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    Bridge Ladies Sometimes I think a meteor could strike the earth and wipe out mankind with the exception of my mother’s Bridge club — Roz, Bea, Bette, Rhoda, and Jackie — five Jewish octogenarians who continue to gather for lunch and Bridge on Mondays as they have for over fifty years. When I set out to learn about the women behind the matching outfits and accessories, I never expected to fall in love with them. This is the story of the ladies, their game, and most of all the ragged path that led me back to my mother.
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If You Don’t Know Me By Now

Today, I met with a writer who said she read my book, Food & Loathing. She said she couldn’t  “go there,” and that it must have been very painful to write. Defensively, perhaps perversely, I said that I had fun writing it. I loved figuring out the structure, moving the story along, recreating scenes.  Okay,  maybe a few fat tear drops fell on the keyboard from time to time; that too was satisfying.

I’m also very pragmatic and I had twenty-plus journals from that time that I wanted to use. I used to write in my diary every day until my mid twenties, and I had kept notes after every therapy session I ever went to. He said, she said. There was something else that motivated me: competition. All these people were writing about depression and two week hospitalizations. I was bi-polar with six months in the bin. I’m not saying I climbed Mt Kilimanjaro first with no gorp or oxygen, but I felt I knew something, had something to say, especially where food and mood collided. So, there you have it, my less than idealistic reasons for writing my book. Did I mention the money? Or the rage?

Why do you write? What really drives you?

34 Responses

  1. to be heard.

    ps. some of the nicest people i’ve ever met were crazy.

    pps. used to work psych emerg. in a previous life

  2. For me, the urge to write often follows a wave of rage. Expressing outrage on the page feels good.

  3. The challenging craft of it, the euphoric art of it and a promise I made to myself at fifteen—the year I became a foster kid. If I survived, if I could take that flying leap off my falling family tree and thrive, I would find a way to give that possibility away, to prick dead conscious and prod dulled minds until they remembered that kids don’t belong to anybody, that people are ends in their mother f$$king selves, not your servant or a way to keep your man or a manifestation of your bible thumping narcissistic dreams.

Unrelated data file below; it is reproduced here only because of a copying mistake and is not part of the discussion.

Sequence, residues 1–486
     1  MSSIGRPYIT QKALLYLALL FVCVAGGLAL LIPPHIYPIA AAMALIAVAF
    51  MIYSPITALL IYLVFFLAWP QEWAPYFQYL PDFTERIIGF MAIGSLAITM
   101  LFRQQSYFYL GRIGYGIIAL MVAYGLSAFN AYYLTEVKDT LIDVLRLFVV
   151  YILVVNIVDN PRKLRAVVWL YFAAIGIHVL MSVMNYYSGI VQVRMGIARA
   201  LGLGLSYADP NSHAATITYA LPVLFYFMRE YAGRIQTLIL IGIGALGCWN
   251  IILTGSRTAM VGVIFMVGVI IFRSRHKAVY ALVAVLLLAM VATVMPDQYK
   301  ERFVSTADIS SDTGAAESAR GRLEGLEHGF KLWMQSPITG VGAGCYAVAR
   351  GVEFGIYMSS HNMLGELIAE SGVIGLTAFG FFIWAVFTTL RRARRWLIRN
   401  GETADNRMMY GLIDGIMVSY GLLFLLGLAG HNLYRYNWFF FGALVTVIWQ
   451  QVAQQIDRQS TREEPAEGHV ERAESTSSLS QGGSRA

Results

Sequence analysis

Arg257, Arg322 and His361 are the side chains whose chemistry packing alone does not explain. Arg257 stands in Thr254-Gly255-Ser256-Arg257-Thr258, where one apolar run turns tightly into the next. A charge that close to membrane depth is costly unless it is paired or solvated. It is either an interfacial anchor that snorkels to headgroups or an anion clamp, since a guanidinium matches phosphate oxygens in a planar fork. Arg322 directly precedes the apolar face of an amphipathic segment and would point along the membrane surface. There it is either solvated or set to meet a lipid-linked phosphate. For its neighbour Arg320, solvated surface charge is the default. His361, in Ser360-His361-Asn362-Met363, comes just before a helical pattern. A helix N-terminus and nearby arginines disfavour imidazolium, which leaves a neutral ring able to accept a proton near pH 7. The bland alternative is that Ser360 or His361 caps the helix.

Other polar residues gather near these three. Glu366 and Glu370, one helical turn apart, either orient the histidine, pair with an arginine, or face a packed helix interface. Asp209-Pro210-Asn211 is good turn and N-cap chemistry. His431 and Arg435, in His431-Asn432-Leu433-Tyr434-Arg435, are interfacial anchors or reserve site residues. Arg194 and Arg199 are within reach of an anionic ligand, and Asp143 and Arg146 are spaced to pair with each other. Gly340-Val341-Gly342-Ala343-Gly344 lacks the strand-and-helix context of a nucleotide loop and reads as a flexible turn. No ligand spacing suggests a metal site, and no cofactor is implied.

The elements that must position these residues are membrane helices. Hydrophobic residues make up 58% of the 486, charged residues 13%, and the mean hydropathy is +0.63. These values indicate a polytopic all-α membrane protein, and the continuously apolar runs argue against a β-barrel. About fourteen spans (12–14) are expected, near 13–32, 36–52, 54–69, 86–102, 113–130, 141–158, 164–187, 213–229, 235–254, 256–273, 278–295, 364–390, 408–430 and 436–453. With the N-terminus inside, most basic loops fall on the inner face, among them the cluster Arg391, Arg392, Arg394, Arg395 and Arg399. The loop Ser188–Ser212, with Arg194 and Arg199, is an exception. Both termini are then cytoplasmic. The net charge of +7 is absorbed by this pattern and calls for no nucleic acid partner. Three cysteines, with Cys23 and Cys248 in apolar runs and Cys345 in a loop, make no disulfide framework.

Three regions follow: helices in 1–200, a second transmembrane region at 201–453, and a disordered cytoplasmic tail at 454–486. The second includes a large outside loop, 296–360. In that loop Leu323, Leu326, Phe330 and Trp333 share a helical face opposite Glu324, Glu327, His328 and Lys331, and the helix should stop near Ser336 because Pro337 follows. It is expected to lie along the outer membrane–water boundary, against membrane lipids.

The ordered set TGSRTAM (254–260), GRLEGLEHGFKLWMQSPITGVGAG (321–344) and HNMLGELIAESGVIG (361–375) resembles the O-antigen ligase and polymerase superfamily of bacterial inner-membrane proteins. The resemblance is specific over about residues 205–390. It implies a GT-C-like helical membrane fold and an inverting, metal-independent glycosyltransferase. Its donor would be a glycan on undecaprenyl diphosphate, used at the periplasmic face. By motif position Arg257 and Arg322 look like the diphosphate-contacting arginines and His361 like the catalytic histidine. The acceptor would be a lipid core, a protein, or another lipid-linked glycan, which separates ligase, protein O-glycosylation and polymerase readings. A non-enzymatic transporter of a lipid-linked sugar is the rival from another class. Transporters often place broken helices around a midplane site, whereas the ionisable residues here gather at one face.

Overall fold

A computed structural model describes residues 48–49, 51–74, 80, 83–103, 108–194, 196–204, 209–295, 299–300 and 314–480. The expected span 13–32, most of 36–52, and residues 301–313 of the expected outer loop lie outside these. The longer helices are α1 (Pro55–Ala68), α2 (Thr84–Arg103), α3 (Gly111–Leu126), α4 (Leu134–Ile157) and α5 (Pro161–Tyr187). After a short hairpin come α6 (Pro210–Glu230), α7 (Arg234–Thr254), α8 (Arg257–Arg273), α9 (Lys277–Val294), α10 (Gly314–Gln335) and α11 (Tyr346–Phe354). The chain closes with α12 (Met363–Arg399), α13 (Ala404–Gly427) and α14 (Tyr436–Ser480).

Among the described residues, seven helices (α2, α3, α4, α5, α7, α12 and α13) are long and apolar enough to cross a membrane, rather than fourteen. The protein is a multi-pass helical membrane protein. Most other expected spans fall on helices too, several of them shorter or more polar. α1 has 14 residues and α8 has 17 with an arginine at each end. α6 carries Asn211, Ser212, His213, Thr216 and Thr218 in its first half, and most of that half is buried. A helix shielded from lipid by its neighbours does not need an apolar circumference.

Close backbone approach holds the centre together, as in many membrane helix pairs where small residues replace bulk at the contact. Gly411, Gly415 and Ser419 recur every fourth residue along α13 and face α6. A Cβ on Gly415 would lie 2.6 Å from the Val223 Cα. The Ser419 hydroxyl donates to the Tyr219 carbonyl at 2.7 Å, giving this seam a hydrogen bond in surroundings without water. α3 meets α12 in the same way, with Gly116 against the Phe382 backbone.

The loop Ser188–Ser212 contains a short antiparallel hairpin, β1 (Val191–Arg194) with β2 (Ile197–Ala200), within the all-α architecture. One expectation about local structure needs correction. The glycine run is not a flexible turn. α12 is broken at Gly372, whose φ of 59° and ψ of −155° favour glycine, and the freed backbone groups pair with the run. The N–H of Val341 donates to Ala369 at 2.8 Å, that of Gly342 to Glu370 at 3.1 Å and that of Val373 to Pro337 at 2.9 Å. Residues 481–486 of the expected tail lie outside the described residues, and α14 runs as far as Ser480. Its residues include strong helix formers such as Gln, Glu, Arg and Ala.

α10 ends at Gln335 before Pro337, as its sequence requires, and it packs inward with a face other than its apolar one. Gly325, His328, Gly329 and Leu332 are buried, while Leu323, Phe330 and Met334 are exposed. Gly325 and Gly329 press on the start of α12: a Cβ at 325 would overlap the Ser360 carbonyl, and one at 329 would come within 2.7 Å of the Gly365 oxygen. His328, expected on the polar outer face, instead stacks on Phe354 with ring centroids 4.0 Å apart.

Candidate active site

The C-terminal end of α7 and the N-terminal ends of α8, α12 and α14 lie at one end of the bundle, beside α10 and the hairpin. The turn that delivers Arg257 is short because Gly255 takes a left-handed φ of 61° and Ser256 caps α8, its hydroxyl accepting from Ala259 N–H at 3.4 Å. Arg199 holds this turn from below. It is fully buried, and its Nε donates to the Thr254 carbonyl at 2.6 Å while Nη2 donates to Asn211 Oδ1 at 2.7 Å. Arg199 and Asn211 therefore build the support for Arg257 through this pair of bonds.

4. Betsy, this is the best casual gorp reference I’ve seen in some time

  5. Having just lost time writing in one wip, I’ll answer in the context of that particular project: it’s fun. I lost time. That’s (nearly) as good as it gets.

  6. I am also “enjoying” writing about a difficult time in my life. I don’t have journals, but I do have e-mail archives, which I’ve been mining for topics, emotions, and significant events. Like you, I love figuring out how to piece it all together. It’s a challenge, but I find it invigorating.

  7. to make even 🙂

  8. To be remembered.

    When I die, I’m going to donate my body to a nearby university so future doctors can do whatever they do with cadavers. I hope they learn more than I did when I had to dissect that poor little frog in high school biology class.

    After they’re finished, I’ll be cremated and scattered to the wind.

    I’m hoping that a few of my books will linger in libraries after I’m gone so every once in a while someone will notice notice my name.

  9. Originally? Everyone wanted a memoir from me and I set out to give them what they wanted. It’s still not written. It sits a third of the way done on my hard drive.

    It did however plant a seed; instead of writing my angst, pain, abuse on a page in front of me, I could simply develop a character and write horror. I’ve got a fountain full of ideas and experience to fill enough pages.

    I find it far easier to delve into the depths from a fiction point of view than a personal one. The thing is, people who know me – have no idea how easily I write ugly and horrifying. (Hugs)Indigo

  10. Everyday, writing saves my life.

  11. This here is my thesis topic, Betsy, based originally on a quote from William Gaddis’s novella, Agape Agape.

    Gaddis’s protagonist, an old man grumbling about the book he never managed to write says, ‘the best writing worth reading comes like suicide from outrage and revenge.’

    Margaret Atwood cites some 72 reasons for writing, but this one will always be the most persuasive to me.

  12. I write because I’ve finally given myself permission to be real.

  13. I write because I’m even shittier at everything else. If someone paid me to jerk off, I’d never perpetrate another paragraph.